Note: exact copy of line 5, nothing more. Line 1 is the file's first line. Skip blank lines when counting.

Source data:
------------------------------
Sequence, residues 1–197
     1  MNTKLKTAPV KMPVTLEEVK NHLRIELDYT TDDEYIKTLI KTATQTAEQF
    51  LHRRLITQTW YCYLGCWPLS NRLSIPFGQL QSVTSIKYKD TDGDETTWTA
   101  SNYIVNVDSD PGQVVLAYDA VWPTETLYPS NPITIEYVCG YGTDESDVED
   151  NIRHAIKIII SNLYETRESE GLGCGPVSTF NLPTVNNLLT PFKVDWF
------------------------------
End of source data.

   151  NIRHAIKIII SNLYETRESE GLGCGPVSTF NLPTVNNLLT PFKVDWF